Let me show a simplified graphic that shows what fracking basically does.
A hole is drilled into the ground and small explosives are used to get through the ancient shalebed of limestone that traps oil and gas. Most of the east coast of America has this formation underneath with 1-11% of gas-potential in New York State. Once the hole is made a casing, that should last for 50+ years, is made of layered cement that will act as a pipe. A mixture of water, over 750 chemicals, and an aggregate like sand is forced down the hole. This cracks the shale and releases the gas. Extensions to the original holes are made to control the pressure. When negative pressure is achieved a certain percentage of gas and fracking fluid is pushed through the pipe to the surface.
Whew and that is the simple explanation.
Here is the complex explanation and a list of what is left out:
- Tens of thousands of gallons of fresh water is needed for each well.
- Once the water is combined with the chemical slurry it cannot be uncombined.
- Water, waste, and parts must be delivered via diesel trucks equally millions of trips per year.
- Reservoir pits of fracking fluids are needed to hold the fluid until they are shipped of to be buried since it is not recyclable.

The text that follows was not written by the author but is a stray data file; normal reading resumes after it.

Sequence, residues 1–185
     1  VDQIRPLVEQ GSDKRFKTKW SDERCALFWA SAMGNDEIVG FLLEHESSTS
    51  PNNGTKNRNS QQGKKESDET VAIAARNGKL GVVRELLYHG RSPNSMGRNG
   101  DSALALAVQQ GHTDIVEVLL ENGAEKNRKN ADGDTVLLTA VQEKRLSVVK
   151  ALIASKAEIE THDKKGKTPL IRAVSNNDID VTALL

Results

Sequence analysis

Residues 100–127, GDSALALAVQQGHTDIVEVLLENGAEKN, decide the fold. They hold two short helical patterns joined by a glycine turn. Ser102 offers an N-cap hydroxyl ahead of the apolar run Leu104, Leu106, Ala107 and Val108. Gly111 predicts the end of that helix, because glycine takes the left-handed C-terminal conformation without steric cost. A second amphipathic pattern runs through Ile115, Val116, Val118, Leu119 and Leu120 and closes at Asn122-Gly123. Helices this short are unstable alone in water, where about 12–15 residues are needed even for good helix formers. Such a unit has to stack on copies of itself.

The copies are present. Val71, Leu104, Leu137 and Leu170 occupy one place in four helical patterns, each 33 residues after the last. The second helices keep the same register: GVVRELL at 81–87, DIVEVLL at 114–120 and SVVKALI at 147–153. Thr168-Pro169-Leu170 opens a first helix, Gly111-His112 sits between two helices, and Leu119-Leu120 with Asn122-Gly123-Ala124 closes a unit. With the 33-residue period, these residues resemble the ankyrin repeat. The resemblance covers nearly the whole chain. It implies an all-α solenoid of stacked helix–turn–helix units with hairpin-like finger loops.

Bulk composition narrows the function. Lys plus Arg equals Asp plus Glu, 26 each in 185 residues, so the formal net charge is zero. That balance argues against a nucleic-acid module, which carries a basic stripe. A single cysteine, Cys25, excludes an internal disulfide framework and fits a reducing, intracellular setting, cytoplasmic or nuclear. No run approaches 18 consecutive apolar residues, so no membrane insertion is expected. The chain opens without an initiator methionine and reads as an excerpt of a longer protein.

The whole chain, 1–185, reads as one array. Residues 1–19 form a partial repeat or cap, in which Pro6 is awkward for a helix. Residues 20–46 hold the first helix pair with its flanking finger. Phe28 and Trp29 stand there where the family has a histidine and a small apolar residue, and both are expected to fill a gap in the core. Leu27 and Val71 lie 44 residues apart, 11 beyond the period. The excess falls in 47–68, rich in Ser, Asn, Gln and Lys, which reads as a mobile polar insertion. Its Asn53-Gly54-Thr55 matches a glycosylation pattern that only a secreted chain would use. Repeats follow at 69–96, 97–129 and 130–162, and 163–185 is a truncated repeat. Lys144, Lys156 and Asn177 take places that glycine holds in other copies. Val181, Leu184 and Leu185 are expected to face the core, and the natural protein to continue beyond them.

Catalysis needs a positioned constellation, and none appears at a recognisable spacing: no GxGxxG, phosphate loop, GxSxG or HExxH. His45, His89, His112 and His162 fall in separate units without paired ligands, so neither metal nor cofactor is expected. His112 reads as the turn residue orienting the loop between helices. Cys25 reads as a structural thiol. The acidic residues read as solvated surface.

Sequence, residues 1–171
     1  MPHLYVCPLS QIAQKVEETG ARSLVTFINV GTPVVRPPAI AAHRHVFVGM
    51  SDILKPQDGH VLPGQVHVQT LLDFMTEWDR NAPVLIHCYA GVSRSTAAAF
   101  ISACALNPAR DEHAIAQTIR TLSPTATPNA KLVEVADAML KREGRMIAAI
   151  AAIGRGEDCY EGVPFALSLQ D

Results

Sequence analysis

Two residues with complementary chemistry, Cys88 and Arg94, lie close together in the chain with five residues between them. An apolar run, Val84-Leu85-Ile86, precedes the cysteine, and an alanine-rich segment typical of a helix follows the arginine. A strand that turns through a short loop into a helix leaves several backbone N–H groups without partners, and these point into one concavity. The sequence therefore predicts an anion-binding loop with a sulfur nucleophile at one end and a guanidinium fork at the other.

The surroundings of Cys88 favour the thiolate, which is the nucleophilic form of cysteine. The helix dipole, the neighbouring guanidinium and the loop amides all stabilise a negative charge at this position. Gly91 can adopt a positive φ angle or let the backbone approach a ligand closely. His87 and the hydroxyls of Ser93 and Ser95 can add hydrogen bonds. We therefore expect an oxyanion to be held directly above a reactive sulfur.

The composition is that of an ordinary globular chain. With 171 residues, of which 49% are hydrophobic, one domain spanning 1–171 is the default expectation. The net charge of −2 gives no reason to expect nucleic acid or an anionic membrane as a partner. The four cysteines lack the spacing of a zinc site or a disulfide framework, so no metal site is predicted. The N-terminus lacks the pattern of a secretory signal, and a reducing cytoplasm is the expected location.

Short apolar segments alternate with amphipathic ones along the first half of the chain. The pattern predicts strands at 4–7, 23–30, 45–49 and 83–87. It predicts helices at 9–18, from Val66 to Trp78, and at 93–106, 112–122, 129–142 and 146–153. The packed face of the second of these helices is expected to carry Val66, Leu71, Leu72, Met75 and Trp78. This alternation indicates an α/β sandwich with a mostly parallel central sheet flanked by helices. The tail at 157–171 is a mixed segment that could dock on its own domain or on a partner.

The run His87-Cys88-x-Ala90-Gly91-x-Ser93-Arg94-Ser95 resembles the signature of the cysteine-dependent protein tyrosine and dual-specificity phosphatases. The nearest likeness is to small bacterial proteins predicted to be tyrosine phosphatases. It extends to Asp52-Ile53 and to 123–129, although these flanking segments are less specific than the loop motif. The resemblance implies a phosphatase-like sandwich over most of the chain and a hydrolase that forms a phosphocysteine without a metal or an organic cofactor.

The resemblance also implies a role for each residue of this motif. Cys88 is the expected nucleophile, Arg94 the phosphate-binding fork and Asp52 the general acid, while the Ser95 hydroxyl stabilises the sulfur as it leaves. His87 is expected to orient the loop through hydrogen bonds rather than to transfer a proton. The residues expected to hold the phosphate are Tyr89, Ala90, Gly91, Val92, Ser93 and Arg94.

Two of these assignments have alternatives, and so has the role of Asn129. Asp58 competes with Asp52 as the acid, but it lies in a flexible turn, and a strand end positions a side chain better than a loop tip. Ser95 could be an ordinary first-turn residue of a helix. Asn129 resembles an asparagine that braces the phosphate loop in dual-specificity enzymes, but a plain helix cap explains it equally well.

- The cement casing are triple layered and have a 5% failure rate after 2 years and 40% failure rate after 25 years.
- Fracking has been around in the U.S. since the 1970s and the recent boom started in 2008.
- For residential prices natural gas was lowest per thousand cubic feet in 1981 around $4/ft3 per and highest in 2008 at $16/ft3, currently in 2013 we are around $10/ft3 .
- The investment in fracking technology drove the prices high in 2008.
- We have not seen lower prices since the September 11, 2001 attacks despite the massive drilling across the country.
- These gas deposits are temporary and typical last 2-5 years.
- New York estimates 10,000 to 100,000 wells can be drilled.
Engineering groups, gas companies, and tech businesses have been for fracking since failure rate is low and in New York more monitors will be used. Also the potential of jobs and lower gas bill, even if temporary is a great thing.
The New Yorkers have really been split. Many people are against the chemicals being used and the lack of waste water treatment plans. Still some just need a financial break and have confidence that if breaks do occur they will be dealt with in a timely manner. Of course 99% of the people do not want a gas well near them which speaks volumes.
Governor Cuomo of Mt. Kisco has remained silent on this issue and his past record has shown close ties to the gas oil industry. I expect despite NYPIRG's efforts that he will not decide anything until mid-2014. Personally I am against fracking but not drilling. I know there are alternatives to hydraulic fracturing and forcing the gas industry to use it will help all New Yorkers. I would enjoy working for the gas company if this can done safely, yes I have applied for them in the past as well as for the groups opposing them. Science should halp both sides come to a rational solution.